A New Jersey man was sentenced to 22 years in prison for running a more than $200 million real estate investment fraud scheme that largely targeted members of the Jewish community that he was a part of, according to U.S. Attorney for New Jersey Paul J. Fishman.

Eliyahu Weinstein, 38, of Lakewood, N.J., which has a large Orthodox Jewish community, was sentenced in U.S. District Court in Trenton Tuesday after entering a guilty plea earlier to conspiracy to commit wire fraud and money laundering. Weinstein’s co-defendant, Vladimir Siforov of Manalapan, N.J., is charged with three counts of wire fraud and remains a fugitive.

Between 2004 and 2011, Weinstein, Siforov and others orchestrated the real estate investment scheme that resulted in $215.4 million in losses to investors. Investors were told Weinstein had inside access to certain real estate opportunities that allowed him to buy property at a below-market price.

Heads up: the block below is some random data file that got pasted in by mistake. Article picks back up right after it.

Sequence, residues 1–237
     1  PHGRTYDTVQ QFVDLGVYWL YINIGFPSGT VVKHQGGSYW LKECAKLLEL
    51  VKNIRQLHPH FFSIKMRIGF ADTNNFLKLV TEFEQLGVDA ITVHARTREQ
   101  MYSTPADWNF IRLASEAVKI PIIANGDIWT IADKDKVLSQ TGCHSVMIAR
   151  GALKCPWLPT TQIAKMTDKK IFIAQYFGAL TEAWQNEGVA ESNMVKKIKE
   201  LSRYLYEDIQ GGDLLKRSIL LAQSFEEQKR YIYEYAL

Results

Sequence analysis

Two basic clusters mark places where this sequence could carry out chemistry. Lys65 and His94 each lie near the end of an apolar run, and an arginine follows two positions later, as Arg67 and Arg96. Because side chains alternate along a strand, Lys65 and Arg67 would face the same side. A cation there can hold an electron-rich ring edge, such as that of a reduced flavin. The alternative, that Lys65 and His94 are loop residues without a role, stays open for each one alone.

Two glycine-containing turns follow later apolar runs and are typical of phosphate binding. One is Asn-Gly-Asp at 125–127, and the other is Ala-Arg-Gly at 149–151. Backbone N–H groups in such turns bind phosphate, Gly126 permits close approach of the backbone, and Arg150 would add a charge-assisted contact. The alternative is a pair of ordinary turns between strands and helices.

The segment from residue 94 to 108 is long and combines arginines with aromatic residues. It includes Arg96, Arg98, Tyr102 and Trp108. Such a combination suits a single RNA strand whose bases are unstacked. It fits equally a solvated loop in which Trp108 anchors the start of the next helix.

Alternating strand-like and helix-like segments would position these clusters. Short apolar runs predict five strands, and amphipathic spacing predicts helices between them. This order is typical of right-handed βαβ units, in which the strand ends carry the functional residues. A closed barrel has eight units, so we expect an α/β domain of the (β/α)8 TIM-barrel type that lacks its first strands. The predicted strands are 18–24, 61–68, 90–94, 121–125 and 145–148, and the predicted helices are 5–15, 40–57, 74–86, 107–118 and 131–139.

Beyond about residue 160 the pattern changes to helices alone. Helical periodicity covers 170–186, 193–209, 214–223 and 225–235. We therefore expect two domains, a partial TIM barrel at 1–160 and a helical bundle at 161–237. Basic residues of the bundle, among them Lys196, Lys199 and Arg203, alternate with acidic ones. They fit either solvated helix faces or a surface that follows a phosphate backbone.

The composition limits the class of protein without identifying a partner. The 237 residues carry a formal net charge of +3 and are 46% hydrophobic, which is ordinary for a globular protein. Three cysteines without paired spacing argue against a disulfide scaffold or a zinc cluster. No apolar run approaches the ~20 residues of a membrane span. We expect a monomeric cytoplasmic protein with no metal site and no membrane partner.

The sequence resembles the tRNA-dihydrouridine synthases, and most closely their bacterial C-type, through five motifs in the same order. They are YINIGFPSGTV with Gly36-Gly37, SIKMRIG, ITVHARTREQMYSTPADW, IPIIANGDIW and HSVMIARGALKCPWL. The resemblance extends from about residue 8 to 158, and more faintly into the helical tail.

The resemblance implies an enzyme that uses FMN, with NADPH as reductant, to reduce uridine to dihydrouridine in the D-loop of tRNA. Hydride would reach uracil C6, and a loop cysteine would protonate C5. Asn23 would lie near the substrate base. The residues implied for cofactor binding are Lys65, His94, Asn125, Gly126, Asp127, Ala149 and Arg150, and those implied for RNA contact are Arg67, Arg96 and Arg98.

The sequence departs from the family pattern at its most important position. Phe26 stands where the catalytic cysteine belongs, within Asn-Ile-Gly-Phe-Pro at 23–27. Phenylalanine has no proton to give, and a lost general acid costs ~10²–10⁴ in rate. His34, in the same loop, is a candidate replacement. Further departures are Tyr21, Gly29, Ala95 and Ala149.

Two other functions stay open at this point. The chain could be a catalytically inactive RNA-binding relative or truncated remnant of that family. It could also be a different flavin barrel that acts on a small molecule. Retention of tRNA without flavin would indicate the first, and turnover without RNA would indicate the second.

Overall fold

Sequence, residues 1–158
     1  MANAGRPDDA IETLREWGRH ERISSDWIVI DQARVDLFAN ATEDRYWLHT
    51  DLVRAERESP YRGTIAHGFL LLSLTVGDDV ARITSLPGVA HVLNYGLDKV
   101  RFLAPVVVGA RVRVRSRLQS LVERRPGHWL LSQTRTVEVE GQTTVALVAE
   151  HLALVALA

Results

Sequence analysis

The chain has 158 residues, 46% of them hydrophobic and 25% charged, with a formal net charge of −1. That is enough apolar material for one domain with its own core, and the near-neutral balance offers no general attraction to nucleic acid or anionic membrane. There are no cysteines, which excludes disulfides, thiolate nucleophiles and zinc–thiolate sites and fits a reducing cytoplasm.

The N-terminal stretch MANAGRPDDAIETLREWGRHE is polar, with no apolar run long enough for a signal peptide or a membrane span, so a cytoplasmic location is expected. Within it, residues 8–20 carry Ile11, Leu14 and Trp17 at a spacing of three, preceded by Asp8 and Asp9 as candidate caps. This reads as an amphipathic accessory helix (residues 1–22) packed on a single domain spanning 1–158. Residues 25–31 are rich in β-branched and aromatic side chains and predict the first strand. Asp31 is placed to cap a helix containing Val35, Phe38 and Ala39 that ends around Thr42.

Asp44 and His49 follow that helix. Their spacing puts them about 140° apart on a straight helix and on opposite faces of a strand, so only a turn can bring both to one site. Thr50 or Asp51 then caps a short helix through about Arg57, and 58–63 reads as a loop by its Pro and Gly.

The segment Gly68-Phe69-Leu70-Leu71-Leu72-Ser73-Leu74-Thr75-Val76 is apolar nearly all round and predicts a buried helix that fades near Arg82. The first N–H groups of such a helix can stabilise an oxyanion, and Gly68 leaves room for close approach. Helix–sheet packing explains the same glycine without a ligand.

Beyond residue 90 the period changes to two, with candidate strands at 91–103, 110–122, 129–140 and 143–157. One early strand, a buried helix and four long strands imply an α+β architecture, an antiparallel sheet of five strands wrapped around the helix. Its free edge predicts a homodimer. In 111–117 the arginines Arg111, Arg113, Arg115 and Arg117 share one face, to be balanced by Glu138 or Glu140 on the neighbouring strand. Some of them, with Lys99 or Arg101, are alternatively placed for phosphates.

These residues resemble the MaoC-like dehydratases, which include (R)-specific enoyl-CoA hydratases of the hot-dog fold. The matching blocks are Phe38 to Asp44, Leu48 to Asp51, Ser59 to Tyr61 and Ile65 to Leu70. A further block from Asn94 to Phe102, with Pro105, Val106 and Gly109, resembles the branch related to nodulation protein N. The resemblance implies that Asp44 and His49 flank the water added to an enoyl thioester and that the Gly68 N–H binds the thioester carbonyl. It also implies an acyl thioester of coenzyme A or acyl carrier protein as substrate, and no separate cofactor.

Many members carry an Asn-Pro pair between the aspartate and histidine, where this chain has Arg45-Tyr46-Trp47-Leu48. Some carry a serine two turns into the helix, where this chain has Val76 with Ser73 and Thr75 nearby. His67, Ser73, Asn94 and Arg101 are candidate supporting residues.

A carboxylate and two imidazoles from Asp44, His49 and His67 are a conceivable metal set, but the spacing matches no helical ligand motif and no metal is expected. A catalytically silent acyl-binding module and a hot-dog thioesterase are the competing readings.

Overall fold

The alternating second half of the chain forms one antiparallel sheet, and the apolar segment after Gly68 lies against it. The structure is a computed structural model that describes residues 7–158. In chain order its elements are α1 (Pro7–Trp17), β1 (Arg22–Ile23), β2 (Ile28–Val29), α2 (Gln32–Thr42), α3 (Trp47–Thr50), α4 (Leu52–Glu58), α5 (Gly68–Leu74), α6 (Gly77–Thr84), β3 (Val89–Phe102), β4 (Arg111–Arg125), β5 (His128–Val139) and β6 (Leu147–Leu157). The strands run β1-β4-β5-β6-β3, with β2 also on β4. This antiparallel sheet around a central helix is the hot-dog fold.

The investors were told the property would be resold to a third-party purchaser. To bolster the scheme, Weinstein created false documents and checks, and altered checks to make them appear to be worth millions, the U.S. attorney said.

Initially members of the Orthodox Jewish community to which Weinstein belonged were targeted using Weinstein’s standing in the community to further the scheme, but the fraud eventually reached beyond the Jewish community, Fishman said. Weinstein told the victims’ their profits were being rolled over into new investments.

The money was used in part to fund Weinstein’s lavish lifestyle including buying millions of dollars’ worth of antique Judaica and other artwork, a multimillion-dollar collection of jewelry and watches, gambling in Las Vegas and elsewhere, and to pay Weinstein’s personal expenses, including millions of dollars in credit card bills, millions of dollars in legal bills and luxury car-lease payments, Fishman said.

Weinstein has been ordered to pay $215.4 million each in restitution and forfeiture.